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Thursday, 16 May 2013
Page: 2863

Senator WHISH-WILSON (Tasmania) (17:15): I will speak only for a short period of time tonight because I respect that there is a large list of speakers who are very passionate about this issue and would like to talk on it tonight. It is interesting—Senator Stephens talked about Australian culture, and there is no doubt that having a punt and having a bet is synonymous with Australian culture. Probably the best book I have ever read on Australian culture, and possibly one of the best books ever written in this country, is Cloudstreet,by Tim Winton. Just about everyone in this chamber has probably read it. I certainly hope they have. It is a fascinating book. It is a juxtaposition of two families—the Lambs family and the Pickles family. Sam Pickles, a man who loses his hand, is a really interesting character to follow in the book. Essentially his life is a constant struggle against a gambling addiction. It is fascinating to read about his gambling addiction. It is an addiction which so many Australians suffer from, and it is quite easy to understand why.

It suggests that a person will only get control over their gambling when they have started to make progress in working on the big worries in their lives, such as boredom, failure et cetera. It also suggests that a lot of Australians have strong values of not giving up easily and not quitting when the going gets tough and also have very strong competitive drives. These factors tend to work against problem gamblers, leading them to keep going until all their money is gone. The interesting thing about Cloudstreet is that what Sam Pickles used to look forward to was when the races occurred. That stimulus was what he required in his life. We know it is the same with the pokies. The stimulus that drives the problem of addiction to pokies is the noise, the flashing lights and so on.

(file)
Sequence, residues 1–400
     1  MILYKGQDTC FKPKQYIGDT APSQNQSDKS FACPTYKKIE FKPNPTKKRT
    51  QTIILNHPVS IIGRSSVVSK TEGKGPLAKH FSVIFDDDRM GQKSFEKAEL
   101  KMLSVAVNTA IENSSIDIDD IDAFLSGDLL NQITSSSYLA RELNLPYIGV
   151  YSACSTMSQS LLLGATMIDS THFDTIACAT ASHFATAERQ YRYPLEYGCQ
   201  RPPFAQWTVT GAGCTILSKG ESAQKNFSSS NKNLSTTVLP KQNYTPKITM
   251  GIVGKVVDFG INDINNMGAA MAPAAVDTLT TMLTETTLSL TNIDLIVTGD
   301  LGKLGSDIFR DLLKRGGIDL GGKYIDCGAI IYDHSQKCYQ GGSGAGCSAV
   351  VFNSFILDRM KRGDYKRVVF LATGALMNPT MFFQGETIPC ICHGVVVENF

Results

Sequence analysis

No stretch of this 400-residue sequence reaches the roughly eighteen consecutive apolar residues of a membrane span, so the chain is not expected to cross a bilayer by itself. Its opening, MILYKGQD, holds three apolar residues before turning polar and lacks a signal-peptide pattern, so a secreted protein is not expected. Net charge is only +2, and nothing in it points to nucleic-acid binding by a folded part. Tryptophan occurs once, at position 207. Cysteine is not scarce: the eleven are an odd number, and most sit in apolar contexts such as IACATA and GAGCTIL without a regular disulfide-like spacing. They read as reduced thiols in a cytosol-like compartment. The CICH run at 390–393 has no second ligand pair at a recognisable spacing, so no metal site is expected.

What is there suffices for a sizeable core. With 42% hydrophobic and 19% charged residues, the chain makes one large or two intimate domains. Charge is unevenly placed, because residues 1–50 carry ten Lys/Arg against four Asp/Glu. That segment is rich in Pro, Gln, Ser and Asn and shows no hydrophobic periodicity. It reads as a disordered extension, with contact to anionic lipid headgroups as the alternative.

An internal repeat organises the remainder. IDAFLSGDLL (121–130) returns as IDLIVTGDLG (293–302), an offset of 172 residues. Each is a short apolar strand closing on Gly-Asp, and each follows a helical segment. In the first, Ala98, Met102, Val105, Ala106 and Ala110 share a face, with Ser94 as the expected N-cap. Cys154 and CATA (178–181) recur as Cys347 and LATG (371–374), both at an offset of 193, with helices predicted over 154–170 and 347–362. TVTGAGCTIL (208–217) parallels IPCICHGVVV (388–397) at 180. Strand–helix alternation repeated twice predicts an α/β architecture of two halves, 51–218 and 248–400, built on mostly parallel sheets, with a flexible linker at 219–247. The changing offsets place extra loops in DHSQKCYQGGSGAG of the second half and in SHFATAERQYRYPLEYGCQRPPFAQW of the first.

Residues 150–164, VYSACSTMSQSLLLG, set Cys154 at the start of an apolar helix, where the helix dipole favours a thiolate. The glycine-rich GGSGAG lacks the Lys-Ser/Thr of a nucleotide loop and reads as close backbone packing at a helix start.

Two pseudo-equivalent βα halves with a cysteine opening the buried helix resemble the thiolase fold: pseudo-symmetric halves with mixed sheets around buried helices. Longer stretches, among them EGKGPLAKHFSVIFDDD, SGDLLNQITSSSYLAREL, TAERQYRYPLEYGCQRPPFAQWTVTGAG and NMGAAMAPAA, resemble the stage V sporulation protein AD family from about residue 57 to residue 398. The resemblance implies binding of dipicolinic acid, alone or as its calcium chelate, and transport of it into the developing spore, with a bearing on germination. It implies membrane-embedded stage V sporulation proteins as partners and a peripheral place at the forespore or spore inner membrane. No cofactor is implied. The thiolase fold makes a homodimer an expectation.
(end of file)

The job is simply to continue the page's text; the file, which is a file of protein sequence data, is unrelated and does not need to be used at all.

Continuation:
The stimulus is obvious when you think about online gambling, but the next phase is to see gambling on television, in an area of content that Australians love and are totally attached to, including children, which is sports games. Why are we so fascinated with sport? It is a big part of our culture. Most of us grow up playing sport. If you have an addiction then it is quite obvious that while you are watching sports games it is going to be very hard to get away from that addiction and that stimulus is going to be in front of you the whole time.

I have discovered a couple of interesting things about sports gambling which suggest that it is possibly going to be an even more pervasive problem than other types of gambling, such as casino gambling. There was a really good article recently in LiveScience by Professor Ghose. He talks about a large study done by Tel Aviv University in Israel, and quotes from a statement by a study co-author:

"Sports gamblers seem to believe themselves the cleverest of all gamblers. They think that with experience and knowledge—such as player's statistics, manager's habits, weather conditions and stadium capacity—they can predict the outcomes of a game better than the average person,"

He goes on to explain a very large study that he did in the UK around soccer. In the end he came to some startling conclusions:

"Casino gamblers are more appropriately characterised as obsessives, because they have less belief in themselves, and know that they will lose sooner or later. But they gamble anyway because they feel they need to," Dannon said.

By contrast, sports gamblers may need tailored cognitive therapy that rids them of the belief that they have more control over the outcome than they really do.

I was interested in that conclusion, so I went looking for real-life examples of severe problem addiction with sports gambling.

Probably the best story that I read was an article from the Roar, 'How sports gambling cost me love'. It was by Hayley Byrnes, who was married to a rugby league player. She talks about the culture within sport of sports players being addicted to sports gambling. She said:

I personally have spent the darkest of hours with a sports gambling addict. Without delving into too much personal detail out of respect to this person, I can however say that for over four years I battled weekly with a live in boyfriend’s gambling addiction.In the end we both lost.

… … …